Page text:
There was the time when I dined at one of his previous restaurants, when he talked about how he and a line cook came up with a way to cook perfect pork belly — in Hot Pockets sleeves, of all things.

Then, there was the time when a table of chefs fell silent and began madly typing notes into their phone, when Simeon let slip that he makes his own chow fun noodles and generously began sharing the recipe just like that.

So when I spied that chow fun recipe in his debut cookbook, “Cook Real Hawai’i” (Clarkson Potter), I knew I had to make it. The book was written with Garret Snyder, a former Los Angeles Times food writer.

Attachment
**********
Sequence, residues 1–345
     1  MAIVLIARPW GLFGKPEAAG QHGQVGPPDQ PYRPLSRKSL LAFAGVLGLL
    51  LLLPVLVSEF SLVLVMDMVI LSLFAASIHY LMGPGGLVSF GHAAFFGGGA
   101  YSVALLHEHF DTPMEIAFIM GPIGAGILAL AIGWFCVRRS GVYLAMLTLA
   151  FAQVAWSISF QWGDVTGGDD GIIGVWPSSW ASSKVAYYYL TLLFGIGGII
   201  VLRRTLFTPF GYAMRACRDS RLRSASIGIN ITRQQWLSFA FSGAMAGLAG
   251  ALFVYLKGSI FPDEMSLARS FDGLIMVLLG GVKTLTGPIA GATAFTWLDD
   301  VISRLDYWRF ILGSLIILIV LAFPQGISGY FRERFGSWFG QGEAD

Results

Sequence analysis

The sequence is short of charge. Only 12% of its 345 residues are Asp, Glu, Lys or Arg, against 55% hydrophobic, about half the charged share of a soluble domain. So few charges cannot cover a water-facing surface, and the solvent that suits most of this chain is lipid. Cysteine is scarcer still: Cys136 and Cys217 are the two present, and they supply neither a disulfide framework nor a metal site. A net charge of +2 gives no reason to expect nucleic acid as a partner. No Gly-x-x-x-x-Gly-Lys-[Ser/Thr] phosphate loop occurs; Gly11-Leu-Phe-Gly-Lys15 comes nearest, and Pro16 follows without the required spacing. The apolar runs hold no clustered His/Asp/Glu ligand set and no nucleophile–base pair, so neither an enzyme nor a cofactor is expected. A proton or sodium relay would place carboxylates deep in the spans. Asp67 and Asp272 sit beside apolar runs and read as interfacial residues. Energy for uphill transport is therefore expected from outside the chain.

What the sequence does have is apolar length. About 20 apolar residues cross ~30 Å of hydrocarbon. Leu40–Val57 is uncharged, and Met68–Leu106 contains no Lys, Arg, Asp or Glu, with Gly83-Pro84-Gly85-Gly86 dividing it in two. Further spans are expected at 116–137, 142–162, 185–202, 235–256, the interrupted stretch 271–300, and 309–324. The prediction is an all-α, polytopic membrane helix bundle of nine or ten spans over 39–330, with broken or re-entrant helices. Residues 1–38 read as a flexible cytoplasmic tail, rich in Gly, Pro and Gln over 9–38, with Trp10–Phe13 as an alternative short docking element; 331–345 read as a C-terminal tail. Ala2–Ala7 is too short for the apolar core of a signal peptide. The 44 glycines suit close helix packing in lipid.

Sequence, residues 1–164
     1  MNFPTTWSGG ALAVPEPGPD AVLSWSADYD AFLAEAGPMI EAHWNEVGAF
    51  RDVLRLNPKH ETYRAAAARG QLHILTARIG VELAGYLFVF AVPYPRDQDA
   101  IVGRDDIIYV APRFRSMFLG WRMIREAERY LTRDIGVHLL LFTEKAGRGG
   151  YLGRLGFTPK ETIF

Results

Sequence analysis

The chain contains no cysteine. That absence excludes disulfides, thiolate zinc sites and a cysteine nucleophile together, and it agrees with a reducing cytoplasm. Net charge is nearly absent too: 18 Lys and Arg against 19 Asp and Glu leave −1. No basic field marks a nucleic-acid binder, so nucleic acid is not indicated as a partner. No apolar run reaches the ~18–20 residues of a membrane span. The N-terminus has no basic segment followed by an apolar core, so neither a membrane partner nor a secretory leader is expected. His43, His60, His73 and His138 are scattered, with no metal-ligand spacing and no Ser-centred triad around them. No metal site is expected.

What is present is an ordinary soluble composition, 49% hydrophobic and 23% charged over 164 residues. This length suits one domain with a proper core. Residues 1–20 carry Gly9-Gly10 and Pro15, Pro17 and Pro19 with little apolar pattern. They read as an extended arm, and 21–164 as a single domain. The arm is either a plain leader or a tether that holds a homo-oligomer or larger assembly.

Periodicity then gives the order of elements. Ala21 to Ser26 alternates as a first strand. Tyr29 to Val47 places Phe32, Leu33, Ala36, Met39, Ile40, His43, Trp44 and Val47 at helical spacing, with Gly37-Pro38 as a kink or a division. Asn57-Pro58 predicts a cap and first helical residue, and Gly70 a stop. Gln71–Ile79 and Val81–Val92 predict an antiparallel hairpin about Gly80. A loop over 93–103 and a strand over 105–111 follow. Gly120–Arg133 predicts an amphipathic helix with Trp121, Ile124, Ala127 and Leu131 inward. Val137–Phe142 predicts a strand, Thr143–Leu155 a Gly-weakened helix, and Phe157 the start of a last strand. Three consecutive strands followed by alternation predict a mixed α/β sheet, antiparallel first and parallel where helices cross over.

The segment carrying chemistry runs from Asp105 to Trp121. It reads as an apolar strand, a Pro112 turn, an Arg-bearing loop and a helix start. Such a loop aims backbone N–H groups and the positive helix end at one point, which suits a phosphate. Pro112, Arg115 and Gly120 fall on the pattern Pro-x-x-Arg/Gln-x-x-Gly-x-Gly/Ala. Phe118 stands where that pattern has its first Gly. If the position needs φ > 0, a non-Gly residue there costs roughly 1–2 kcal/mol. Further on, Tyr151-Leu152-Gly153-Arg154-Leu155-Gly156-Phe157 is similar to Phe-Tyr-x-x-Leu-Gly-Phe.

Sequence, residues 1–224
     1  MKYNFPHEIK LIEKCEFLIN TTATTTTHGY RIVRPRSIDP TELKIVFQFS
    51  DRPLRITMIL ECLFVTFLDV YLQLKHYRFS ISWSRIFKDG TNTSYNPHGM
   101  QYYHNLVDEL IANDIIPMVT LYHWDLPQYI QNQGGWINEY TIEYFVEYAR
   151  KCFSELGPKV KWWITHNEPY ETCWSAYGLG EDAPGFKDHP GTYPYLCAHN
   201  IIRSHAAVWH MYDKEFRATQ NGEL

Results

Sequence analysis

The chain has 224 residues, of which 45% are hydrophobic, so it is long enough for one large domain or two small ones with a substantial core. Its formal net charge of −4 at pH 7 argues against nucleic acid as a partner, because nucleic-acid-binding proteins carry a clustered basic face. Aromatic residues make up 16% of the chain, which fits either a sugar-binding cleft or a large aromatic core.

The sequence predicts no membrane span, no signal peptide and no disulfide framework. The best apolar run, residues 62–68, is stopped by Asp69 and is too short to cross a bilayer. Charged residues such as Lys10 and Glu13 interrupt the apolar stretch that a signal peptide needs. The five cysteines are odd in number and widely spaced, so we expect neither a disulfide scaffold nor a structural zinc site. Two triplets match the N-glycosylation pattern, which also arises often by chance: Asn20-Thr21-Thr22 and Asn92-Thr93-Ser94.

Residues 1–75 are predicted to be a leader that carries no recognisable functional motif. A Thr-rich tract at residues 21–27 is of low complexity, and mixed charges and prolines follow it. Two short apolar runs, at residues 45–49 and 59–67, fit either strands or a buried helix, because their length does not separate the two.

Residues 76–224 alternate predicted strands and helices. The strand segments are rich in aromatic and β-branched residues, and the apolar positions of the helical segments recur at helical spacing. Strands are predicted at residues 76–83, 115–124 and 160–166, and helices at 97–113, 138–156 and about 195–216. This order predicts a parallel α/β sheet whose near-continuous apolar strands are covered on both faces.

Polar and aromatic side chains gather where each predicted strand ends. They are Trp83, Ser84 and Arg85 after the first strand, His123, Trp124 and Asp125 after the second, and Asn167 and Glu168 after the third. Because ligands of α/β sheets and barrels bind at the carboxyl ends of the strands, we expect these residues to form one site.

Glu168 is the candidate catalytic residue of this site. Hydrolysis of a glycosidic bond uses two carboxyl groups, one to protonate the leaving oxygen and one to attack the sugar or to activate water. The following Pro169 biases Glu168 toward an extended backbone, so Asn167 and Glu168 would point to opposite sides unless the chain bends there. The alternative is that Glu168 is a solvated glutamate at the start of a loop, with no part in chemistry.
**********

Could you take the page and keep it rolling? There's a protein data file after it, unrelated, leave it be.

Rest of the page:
Through 100 recipes, Simeon gives you a taste of today’s Hawaii, mixing tradition with fun spins that amplify the unique cross-cultural blend of Chinese, Japanese, Korean, Portuguese, Filipino and native Hawaiian flavors that makes this cuisine so mouthwatering. Along the way, you get to know him, too, from how his grandpa left the Philippines at age 18 to work on a sugar plantation in Hawaii to how Simeon slyly fed the tired and hungry camera crew of “Top Chef” with his Spam musubi.

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Baked Goods With A Twist, Part III: The Out-Of-The-Norm Blueberry Crumb Cake

This isn't your ordinary blueberry cake -- not with whole wheat flour, plus a most unexpected ingredient.
This isn’t your ordinary blueberry cake — not with whole wheat flour, plus a most unexpected ingredient.

Blueberry cake is always a welcome guest.

But it’s the blueberry cake with a miso crumb topping that makes for a guest with gusto whom you won’t soon forget.